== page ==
In eukaryotes, 3' untranslated regions (UTRs) play important roles in regulating posttranscriptional gene expression. The 3'UTR is defined by regulated cleavage/polyadenylation of the pre-mRNA. The advent of next-generation sequencing technology has now enabled us to identify these events on a genome-wide scale. In this study, we used poly(A)-position profiling by sequencing (3P-Seq) to capture all poly(A) sites across the genome of the freshwater planarian, Schmidtea mediterranea, an ideal model system for exploring the process of regeneration and stem cell function...
October 13, 2016: G3: Genes—Genomes—Genetics
Douglas J Blackiston, Tal Shomrat, Michael Levin
One of the most important features of the nervous system is memory: the ability to represent and store experiences, in a manner that alters behavior and cognition at future times when the original stimulus is no longer present. However, the brain is not always an anatomically stable structure: many animal species regenerate all or part of the brain after severe injury, or remodel their CNS toward a new configuration as part of their life cycle. This raises a fascinating question: what are the dynamics of memories during brain regeneration? Can stable memories remain intact when cellular turnover and spatial rearrangement modify the biological hardware within which experiences are stored? What can we learn from model species that exhibit both, regeneration and memory, with respect to robustness and stability requirements for long-term memories encoded in living tissues? In this Perspective, we discuss relevant data in regenerating planaria, metamorphosing insects, and hibernating ground squirrels...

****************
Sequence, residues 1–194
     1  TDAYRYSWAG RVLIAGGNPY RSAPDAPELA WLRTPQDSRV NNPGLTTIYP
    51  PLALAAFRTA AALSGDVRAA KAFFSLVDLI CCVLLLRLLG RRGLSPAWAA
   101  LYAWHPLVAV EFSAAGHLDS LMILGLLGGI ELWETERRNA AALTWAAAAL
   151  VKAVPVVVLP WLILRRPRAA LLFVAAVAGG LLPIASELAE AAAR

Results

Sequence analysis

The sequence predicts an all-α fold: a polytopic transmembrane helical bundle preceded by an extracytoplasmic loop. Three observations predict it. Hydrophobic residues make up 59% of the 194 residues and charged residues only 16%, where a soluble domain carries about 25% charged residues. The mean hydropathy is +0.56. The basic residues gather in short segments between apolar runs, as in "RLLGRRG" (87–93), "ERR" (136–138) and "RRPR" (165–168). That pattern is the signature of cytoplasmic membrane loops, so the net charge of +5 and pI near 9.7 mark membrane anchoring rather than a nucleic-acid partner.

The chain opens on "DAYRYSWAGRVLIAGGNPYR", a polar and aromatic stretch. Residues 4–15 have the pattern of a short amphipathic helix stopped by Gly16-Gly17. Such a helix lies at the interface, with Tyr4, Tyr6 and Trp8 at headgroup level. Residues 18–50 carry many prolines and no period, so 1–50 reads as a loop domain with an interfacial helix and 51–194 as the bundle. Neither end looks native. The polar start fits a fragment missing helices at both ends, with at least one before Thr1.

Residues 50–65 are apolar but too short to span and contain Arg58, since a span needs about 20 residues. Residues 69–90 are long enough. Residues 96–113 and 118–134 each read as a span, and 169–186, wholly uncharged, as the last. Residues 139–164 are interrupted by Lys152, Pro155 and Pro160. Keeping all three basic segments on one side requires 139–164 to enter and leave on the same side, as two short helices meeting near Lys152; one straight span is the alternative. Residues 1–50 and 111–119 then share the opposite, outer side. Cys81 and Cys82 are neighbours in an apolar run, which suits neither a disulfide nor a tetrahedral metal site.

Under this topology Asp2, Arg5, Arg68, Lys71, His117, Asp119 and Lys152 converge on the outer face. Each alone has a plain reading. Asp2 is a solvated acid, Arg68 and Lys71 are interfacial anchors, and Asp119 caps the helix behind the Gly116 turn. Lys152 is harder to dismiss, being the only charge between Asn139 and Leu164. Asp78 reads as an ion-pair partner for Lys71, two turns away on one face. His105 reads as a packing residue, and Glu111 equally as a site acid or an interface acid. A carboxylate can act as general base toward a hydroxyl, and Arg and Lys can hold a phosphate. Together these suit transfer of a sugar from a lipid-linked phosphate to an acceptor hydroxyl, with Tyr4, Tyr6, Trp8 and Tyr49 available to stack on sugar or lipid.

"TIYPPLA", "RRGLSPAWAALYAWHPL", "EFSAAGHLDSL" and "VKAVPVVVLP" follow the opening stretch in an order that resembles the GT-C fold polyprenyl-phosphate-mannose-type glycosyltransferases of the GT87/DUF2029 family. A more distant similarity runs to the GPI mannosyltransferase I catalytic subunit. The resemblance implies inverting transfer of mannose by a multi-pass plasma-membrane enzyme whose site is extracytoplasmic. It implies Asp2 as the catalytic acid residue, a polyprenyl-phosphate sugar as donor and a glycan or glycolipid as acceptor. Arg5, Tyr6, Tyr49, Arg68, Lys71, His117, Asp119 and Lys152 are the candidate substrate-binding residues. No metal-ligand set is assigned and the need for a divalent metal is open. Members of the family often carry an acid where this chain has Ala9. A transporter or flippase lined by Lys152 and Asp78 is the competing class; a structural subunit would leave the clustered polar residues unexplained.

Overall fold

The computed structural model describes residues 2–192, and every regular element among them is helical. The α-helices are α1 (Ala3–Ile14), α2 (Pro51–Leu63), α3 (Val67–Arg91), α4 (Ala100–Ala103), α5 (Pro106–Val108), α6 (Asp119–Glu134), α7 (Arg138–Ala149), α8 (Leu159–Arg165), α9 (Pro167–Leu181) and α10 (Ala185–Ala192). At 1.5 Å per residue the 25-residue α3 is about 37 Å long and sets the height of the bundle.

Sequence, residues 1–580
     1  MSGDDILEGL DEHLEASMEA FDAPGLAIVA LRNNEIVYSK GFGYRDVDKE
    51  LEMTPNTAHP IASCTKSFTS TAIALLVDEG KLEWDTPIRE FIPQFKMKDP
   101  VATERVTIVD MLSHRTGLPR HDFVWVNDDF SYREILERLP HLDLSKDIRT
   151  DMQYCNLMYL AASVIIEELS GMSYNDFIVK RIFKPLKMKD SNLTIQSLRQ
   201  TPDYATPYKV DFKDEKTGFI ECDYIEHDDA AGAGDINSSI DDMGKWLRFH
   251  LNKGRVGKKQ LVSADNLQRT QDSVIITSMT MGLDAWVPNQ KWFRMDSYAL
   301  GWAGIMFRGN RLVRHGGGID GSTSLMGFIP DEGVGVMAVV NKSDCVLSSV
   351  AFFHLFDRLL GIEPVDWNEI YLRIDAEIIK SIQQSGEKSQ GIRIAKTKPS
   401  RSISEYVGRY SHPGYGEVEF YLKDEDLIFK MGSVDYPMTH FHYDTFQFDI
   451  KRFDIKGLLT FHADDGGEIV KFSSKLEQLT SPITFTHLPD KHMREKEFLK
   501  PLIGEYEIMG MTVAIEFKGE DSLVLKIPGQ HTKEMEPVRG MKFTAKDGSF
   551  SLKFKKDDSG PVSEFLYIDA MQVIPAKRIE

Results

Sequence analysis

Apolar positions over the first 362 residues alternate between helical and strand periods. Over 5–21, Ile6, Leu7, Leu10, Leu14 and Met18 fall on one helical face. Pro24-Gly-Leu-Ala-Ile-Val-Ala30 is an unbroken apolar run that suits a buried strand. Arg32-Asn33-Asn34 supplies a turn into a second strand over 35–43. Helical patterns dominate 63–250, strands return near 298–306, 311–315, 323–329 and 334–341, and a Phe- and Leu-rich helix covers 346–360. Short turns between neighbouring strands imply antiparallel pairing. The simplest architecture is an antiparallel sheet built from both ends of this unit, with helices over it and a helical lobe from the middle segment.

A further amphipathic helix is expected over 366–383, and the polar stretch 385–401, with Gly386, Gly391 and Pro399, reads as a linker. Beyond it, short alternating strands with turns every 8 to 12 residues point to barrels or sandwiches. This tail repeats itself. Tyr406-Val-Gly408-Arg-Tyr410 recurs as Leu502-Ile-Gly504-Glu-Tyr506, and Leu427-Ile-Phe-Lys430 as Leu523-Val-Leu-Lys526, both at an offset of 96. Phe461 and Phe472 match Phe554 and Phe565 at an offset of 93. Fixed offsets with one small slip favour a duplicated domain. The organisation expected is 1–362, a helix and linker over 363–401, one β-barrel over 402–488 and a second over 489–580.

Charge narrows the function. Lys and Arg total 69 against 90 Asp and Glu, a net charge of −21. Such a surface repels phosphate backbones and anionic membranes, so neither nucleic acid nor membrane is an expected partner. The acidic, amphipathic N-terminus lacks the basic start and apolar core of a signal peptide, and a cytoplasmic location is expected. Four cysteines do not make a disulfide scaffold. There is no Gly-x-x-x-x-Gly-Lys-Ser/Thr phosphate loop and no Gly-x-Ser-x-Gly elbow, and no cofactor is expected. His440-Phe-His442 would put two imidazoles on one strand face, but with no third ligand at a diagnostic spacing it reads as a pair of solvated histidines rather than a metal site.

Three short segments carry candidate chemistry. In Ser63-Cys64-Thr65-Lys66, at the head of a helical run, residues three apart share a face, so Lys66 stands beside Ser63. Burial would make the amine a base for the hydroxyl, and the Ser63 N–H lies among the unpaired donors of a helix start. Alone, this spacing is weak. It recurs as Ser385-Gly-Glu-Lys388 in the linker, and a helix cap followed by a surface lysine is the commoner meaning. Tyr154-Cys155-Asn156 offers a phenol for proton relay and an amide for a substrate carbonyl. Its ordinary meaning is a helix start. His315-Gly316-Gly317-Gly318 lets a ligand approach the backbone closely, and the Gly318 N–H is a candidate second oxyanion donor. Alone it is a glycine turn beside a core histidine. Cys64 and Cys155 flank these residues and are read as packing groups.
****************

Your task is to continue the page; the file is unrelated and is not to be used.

September 2015: Communicative & Integrative Biology
Jin Woong Chung
All living things share some common life processes, such as growth and reproduction, and have the ability to respond to their environment. However, each type of organism has its own specialized way of managing biological events. Genetic sequences determine phenotypic and physiological traits. Based on genetic information, comparative genomics has been used to delineate the differences and similarities between various genomes, and significant progress has been made in understanding regenerative biology by comparing the genomes of a variety of lower animal models of regeneration, such as planaria, zebra fish, and newts...
May 2016: BMB Reports
Jesmond Dalli, Julia M Sanger, Ana R Rodriguez, Nan Chiang, Bernd W Spur, Charles N Serhan
Maresin conjugates in tissue regeneration (MCTR) are a new family of evolutionarily conserved chemical signals that orchestrate host responses to promote tissue regeneration and resolution of infections. Herein, we identified the novel MCTR3 and established rank order potencies and matched the stereochemistries of MCTR1, MCTR2 and MCTR3 using material prepared by total organic synthesis and mediators isolated from both mouse and human systems. MCTR3 was produced from endogenous substrate by E. coli activated human macrophages and identified in sepsis patients...